Supplemental Case. Worcester, Massachusetts tornado; 9 June 1953

The high-end F4 tornado that struck Worcester, Massachusetts around 2100 UTC on 9 June 1953 remains one of the costliest and deadliest tornadoes in U.S. history. The tornado was responsible for 94 fatalities, 1288 injuries, and property damage of over 52 million dollars (404 million in 2007 dollars) (StormData, SPC). The tornado's path length (74 km), width (up to 1.6 km), and duration (nearly 90 minutes) are all extremely unusual for the NEUS. Two other significant tornadoes occurred on this day as well; a long-track F3 that affected portions of south-central and southeast Massachusetts, and another F3 in Exeter, New Hampshire (Fig. S1). One of the most striking aspects of the supercell was the visual similarity of the low-level mesocyclone and condensation funnel to what is often observed with significant Great Plains tornadoes (Fig. S2).

The 700 mb rawinsonde plot on 9 June 1953 at 15 UTC (09/15 UTC) indicated relatively fast westerly mid-tropospheric winds extending from the Great Lakes region eastward to the NEUS with a shortwave trough translating east-southeastward over Lake Huron (Fig. S3). Lapse rates exceeding 7 oC km-1 in the 700-500 mb layer extended from the Central Plains eastward to Southern New England. The backward trajectory originating at 3 km suggested the source region of the EML was the southwest U.S., and the EML advected northeastward over the course of 90+ h (Fig. S4). The trajectory also exhibited subsidence along most of its path, which aided in the maintenance of the EML.

Observed soundings were examined at near-24-hour intervals along or near the trajectory to verify the presence of an EML along the parcel's path (Fig. S5 a-d). The sounding progression starts with a deep, well-mixed boundary layer at Phoenix, AZ (t - 90 h). This mixed-layer then was advected northeastward while becoming elevated over the lower terrain east of the Rocky Mountains as shown in the Salina, KS (t - 66 h), Rantoul, IL (t - 36 h), and Hempstead, NY (t - 12 h) soundings. The 09 UTC rawinsonde launched near JFK Airport in New York (Fig. S5d) exhibited near-dry adiabatic lapse rates in the 700-500 mb layer above the stable boundary layer. The boundary layer would eventually destabilize markedly across Southern New England with the onset of daytime heating and positive low-level temperature and moisture advection in the wake of a surface warm front (Fig. S6). The advection of the EML plume can also be visualized in the progression of 700 mb positive temperature anomalies, where anomalies of +1 to +2 standard deviations from the 1961-90 climatological mean represent the approximate location of the EML plume east of the Rockies (Fig. S7 a-d). The EML and associated capping inversion allowed for an unusual buildup of strong potential instability which, when combined with strong low and deep shear, aided in the unusual severity of this particular tornado event. The capping inversion associated with the EML plume also helped allow for isolated cells, which likely contributed to the longevity and severity of each storm.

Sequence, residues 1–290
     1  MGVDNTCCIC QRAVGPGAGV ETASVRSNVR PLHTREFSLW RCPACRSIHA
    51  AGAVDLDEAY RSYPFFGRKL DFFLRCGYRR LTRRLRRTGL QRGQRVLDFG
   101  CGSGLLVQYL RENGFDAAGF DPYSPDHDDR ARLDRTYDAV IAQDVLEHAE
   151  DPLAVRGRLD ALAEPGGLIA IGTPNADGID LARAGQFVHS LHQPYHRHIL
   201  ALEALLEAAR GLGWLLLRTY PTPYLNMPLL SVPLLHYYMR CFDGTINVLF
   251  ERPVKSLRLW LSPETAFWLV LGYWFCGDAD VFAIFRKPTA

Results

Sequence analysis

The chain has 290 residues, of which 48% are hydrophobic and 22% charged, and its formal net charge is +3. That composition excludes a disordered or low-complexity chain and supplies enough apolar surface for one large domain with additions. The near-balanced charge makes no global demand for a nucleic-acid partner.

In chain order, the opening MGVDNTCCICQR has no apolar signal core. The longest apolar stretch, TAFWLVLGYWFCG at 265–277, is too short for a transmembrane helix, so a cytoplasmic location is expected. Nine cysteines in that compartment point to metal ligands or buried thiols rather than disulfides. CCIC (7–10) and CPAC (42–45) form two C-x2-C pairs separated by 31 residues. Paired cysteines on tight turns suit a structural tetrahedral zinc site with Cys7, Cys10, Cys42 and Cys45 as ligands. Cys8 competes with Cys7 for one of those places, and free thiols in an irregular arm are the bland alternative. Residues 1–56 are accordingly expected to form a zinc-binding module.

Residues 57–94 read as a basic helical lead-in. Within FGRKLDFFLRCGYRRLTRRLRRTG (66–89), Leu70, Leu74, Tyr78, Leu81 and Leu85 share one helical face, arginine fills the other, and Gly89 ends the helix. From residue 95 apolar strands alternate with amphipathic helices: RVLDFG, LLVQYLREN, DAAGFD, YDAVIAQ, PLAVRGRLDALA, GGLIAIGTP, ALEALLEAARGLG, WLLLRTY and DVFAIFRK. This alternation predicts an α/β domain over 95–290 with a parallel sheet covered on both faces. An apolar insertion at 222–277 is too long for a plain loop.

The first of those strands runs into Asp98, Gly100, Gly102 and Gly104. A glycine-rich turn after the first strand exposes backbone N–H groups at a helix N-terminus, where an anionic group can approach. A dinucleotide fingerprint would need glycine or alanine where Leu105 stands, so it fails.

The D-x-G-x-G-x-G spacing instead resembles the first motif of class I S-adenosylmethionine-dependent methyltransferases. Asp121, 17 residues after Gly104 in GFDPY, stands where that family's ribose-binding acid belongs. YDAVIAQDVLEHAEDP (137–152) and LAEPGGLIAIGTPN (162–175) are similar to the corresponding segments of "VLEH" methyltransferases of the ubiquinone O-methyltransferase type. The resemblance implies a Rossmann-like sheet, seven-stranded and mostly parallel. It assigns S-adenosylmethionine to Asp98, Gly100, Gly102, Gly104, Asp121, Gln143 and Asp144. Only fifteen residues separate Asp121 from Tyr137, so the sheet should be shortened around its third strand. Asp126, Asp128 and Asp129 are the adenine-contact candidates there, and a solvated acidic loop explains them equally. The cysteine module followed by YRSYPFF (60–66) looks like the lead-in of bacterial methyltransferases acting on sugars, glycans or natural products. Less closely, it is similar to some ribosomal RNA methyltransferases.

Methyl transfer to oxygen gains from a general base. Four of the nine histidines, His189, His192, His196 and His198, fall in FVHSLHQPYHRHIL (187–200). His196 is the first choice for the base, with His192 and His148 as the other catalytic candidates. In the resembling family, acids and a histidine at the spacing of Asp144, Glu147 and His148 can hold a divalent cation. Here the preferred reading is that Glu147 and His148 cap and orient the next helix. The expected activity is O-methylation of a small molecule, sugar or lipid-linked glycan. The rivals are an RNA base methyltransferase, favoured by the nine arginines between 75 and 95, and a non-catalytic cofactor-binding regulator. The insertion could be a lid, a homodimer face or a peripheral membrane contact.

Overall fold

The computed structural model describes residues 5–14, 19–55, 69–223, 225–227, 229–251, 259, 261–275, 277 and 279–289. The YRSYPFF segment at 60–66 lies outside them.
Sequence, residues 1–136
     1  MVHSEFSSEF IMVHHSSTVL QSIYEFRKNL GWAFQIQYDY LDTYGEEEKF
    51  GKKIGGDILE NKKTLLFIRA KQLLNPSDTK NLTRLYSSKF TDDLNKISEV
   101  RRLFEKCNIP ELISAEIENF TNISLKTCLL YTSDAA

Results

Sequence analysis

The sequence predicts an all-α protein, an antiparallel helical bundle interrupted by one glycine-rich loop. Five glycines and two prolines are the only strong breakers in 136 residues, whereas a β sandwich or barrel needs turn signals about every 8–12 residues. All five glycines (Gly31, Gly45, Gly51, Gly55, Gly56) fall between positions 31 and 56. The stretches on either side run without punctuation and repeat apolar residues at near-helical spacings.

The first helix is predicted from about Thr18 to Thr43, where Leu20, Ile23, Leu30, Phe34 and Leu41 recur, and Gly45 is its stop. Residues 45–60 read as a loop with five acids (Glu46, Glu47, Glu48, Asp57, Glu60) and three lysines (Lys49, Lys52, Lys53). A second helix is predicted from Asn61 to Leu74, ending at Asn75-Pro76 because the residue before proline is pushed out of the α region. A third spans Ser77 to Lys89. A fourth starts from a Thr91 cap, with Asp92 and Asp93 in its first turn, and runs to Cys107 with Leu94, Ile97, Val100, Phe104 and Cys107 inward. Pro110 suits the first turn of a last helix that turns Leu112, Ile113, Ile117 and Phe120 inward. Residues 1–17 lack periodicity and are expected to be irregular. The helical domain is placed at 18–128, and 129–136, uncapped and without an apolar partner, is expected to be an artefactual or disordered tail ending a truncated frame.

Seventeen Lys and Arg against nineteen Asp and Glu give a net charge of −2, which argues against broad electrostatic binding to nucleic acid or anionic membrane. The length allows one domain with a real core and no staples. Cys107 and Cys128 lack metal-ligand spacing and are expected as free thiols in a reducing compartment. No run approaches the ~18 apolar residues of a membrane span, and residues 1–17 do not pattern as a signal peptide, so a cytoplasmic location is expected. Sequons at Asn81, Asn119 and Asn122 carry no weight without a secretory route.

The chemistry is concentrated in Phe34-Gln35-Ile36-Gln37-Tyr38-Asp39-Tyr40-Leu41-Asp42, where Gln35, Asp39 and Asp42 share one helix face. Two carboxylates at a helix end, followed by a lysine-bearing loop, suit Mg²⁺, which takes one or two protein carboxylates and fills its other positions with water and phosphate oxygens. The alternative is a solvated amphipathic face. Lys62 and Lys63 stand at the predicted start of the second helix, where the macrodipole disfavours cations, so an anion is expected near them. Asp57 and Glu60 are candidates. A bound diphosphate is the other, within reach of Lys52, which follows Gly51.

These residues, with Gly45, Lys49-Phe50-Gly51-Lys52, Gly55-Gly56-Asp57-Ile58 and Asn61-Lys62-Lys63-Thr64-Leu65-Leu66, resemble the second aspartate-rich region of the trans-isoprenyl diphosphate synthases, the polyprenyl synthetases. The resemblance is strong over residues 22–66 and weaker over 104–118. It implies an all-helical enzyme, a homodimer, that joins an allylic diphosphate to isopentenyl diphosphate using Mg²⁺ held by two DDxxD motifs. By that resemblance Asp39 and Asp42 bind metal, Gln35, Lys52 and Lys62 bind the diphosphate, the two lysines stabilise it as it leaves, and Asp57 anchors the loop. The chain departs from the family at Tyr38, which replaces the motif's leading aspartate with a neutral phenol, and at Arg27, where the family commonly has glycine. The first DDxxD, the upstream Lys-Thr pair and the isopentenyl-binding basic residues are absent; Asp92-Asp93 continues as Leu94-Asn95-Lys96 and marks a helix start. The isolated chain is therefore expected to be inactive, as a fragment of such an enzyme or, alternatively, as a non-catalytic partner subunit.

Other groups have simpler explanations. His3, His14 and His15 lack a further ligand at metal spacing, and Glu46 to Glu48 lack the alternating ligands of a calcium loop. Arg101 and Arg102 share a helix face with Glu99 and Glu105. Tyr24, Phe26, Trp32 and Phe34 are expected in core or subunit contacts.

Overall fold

Figure S1. Severe weather reports for 9 June 1953. Tornado paths are shown with maximum F-scale rating.

FIGURE S2. Photograph of the "Worcester Tornado" near Lake Quinsigamond, Shrewsbury, MA at 2122 UTC on 9 June 1953. View is toward the North-Northeast. (Photo by Henry LaPrade).

FIGURE S3. The 700 mb rawinsonde plot at 15 UTC 9 June 1953. Each full (half) barb is 5 ms-1 (2.5 mS-1). The 700-500 mb mean lapse rate (oC/km, solid lines every 0.5 degrees) is contoured.

FIGURE S4. The HYSPLIT model 96-hour backward trajectory analysis (plotted every 12 hours) starting at JFK, NY 09 UTC 9 June 1953. Trajectory 1 approximates the path of the EML plume in the middle troposphere (approximately 700 mb). Trajectory 2 represents the path of the 2 meter (surface) air parcel. Points a-d represent the rawinsonde locations utilized in Fig. 14.

FIGURE S5. Soundings taken at points a through d along "Trajectory 1" in Fig. S4. The soundings are: (a) Phoenix, AZ 03 UTC 06 Jun 1953, (b) Salina, KS 03 UTC 07 Jun 1953, (c) Rantoul, IL 09 UTC 08 Jun 1953, and (d) Hempstead, NY 09 UTC 09 Jun 1953.

FIGURE S6. Standard surface analysis plot at 1730 UTC 9 Jun 1953 (from Penn et. al., 1955). Each full (half) barb is 5 ms-1 (2.5 ms-1). Temperatures are in oF.

FIGURE S7. The 700 mb temperatures (oC, solid contours) and anomalies (standard deviations from the 1961-90 climatological mean, shaded) derived from the NCEP/NCAR reanalysis at (a) 12 UTC 06 Jun 1953; (b) 12 UTC 07 Jun 1953; (c) 12 UTC 08 Jun 1953; (d) 12 UTC 09 Jun 1953.


Penn, S., C. Pierce and J. K. McGuire, 1955: The squall line and Massachusetts tornadoes of 9 June 1953. Bull. Amer. Meteor. Soc., 36, 109-122.